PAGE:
What are 6 texts, in relation to a thesis of "Does good always trump evil?"I am looking for 6 texts to refer to in an essay I am writing. I need 3 texts which demonstrate Good surpassing Evil, and...
I am looking for 6 texts to refer to in an essay I am writing. I need 3 texts which demonstrate Good surpassing Evil, and 3 other texts where Evil overcomes Good. All and any help is appreciated beyond words. Thankyou very much!
P.S, I don't think I've said please yet, so, please! Thanks again! :)
With regard to pieces of literature where good triumphs over evil, my first choice would be Shakespeare's Macbeth. Macbeth starts out as a good man, but gives himself over to his own dark desire to be King, and becomes a murderer without conscience…and dies at the end; the rightful heir to the throne is restored.
The second text is Goethe's Faust. Faust trades his soul to the Devil (Mephistopheles), but is forgiven by God at the end, so that evil loses.
The third text could be any one of many of Edgar Allan Poe's short stories: "The Fall of the House of Usher," "The Tell-tale Heart," or "The Black Cat." In all three stories, evil is defeated.
You could also use Ray Bradbury's short novel, Fahrenheit 451. The repressive society that burns homes with books destroys itself by the end of the story, and those who wish to preserve books and their knowledge are given the chance to rebuild society in a better way.
Regarding texts where evil is victorious, the first that comes to mind is Poe's "The Cask of Amontillado." The speaker, through some perceived insult, decides to murder Fortunato, walling him up in the catacombs beneath the murderer's home. Montresor, the murderer, is never caught.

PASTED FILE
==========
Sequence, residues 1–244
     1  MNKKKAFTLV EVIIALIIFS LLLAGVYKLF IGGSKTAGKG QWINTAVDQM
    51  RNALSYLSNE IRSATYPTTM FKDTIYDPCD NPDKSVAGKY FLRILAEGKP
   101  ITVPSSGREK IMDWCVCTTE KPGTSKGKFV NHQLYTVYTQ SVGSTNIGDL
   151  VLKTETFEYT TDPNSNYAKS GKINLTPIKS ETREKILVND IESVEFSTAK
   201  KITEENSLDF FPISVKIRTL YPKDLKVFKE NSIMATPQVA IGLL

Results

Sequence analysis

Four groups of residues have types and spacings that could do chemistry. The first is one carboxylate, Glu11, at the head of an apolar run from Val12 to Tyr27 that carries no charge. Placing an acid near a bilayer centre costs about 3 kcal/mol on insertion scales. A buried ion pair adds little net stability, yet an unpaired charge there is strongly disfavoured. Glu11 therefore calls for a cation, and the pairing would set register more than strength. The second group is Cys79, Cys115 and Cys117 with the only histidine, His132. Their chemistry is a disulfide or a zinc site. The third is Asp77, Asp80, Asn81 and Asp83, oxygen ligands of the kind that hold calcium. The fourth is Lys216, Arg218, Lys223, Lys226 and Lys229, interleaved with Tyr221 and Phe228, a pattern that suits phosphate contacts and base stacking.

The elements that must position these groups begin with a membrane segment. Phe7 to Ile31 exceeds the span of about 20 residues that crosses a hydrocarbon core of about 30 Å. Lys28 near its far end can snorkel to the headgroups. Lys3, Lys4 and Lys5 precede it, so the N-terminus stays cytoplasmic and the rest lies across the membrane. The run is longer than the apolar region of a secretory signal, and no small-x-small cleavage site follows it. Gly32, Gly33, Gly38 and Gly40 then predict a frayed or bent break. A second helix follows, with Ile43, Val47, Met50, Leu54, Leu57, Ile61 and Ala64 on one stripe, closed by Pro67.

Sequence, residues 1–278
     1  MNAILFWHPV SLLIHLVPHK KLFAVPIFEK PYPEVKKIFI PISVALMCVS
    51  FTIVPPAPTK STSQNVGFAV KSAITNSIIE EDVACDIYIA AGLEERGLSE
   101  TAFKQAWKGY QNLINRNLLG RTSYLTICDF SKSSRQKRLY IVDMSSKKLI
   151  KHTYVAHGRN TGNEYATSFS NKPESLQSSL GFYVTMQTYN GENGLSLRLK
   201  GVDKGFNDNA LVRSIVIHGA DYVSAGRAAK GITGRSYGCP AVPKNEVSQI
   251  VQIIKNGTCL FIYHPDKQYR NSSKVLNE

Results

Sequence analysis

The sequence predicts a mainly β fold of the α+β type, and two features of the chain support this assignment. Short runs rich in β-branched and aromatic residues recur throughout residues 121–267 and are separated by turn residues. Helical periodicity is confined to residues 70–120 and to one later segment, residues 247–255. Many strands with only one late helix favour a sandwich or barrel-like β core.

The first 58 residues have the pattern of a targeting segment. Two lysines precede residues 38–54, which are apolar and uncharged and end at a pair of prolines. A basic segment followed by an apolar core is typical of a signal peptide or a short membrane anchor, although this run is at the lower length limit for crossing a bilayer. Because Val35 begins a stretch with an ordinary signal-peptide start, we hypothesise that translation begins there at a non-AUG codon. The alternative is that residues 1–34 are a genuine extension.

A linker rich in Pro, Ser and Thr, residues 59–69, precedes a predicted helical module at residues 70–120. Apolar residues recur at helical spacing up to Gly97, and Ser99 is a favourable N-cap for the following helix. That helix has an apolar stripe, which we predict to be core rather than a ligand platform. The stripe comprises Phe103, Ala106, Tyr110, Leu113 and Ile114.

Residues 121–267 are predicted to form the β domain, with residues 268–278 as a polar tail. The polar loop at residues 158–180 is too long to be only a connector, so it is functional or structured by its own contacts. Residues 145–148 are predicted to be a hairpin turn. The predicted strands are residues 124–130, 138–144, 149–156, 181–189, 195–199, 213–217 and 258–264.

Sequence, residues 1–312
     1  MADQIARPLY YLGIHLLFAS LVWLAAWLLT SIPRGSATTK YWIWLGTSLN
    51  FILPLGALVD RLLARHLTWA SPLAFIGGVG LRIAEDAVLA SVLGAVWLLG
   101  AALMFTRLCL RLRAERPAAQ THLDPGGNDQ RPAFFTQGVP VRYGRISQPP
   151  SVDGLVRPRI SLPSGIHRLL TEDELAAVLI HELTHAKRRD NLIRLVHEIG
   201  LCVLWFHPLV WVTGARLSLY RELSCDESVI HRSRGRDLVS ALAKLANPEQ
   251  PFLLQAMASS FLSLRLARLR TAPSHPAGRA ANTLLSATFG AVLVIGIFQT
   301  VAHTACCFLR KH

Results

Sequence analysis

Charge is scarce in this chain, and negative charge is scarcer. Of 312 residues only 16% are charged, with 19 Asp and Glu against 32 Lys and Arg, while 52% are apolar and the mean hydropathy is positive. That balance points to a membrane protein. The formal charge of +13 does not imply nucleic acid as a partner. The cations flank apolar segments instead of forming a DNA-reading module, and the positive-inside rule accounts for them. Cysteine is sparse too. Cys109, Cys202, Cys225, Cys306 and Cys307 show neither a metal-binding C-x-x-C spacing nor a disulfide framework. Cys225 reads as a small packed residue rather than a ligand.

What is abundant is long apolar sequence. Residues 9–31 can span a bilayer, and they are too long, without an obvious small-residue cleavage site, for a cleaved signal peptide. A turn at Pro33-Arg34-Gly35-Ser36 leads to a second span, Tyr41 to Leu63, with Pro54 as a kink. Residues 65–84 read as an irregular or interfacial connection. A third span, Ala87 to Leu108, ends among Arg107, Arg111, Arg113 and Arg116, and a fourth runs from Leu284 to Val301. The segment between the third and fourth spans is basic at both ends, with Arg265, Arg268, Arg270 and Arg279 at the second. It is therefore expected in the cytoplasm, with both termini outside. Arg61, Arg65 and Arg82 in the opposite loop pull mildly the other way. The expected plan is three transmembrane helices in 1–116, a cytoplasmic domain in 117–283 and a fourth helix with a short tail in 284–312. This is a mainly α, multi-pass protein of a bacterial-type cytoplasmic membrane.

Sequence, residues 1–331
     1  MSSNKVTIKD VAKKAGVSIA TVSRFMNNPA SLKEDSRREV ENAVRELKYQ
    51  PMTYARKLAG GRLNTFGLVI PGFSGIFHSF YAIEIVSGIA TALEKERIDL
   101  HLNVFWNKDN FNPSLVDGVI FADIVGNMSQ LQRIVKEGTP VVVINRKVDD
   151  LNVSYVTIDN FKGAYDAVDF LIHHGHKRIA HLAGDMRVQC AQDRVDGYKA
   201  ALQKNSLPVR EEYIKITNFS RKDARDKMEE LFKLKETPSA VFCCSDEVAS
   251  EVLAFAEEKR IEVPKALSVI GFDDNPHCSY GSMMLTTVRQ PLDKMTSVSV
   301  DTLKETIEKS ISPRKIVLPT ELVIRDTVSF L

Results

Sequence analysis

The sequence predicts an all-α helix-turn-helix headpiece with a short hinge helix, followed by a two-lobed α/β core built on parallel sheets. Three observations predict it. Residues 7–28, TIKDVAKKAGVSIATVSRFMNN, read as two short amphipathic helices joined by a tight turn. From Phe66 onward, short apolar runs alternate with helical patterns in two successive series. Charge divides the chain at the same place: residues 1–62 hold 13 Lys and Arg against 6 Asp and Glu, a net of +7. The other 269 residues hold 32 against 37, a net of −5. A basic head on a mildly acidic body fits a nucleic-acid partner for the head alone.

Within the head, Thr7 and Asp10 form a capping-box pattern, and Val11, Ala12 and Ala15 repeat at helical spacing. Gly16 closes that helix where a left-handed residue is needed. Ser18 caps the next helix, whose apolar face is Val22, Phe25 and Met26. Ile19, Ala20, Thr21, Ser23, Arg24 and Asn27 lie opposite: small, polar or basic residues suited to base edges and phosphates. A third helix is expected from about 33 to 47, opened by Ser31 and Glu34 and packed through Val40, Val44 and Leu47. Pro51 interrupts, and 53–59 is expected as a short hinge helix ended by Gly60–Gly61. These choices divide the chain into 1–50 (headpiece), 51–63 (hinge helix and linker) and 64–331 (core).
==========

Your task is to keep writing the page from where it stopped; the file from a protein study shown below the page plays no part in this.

In William Faulkner's short story, "A Rose for Emily," Emily kills her sweetheart and keeps his body in her bed (a wonderfully, creepy story), and it is only discovered after Emily has died.
In Harper Lee's To Kill a Mockingbird, there are several forms of evil. One is that of Bob Ewell, a liar and a perverted, violent, prejudiced attempted murderer. He is killed at the end by an unlikely hand of justice. However, another evil in the story is "prejudice." It is not defeated, sending an innocent black man, Tom Robinson, to jail. His loss of freedom is so abhorrent to him, that he is shot seventeen times in the back (literally "overkill") when he tries to escape. The evil of prejudice is not defeated.
Joseph Conrad's short novel, Heart of Darkness, is much like To Kill a Mockingbird in that there are two evils present. One is the character Kurtz who works for a company in Africa exporting ivory. The man has gone insane, and it appears that working in the African interior, human sacrifice has occurred on his "watch." In the end, this mentally skewed man dies. However, the horror visited upon the natives of Africa is not stopped, but continues. Violence is the European's way of life in the Congo, and those native to the country are enslaved, often dying when wounded or killed, treated as inferiors while their natural resources are taken in the name of colonialism.
I hope that these suggestions are of some help.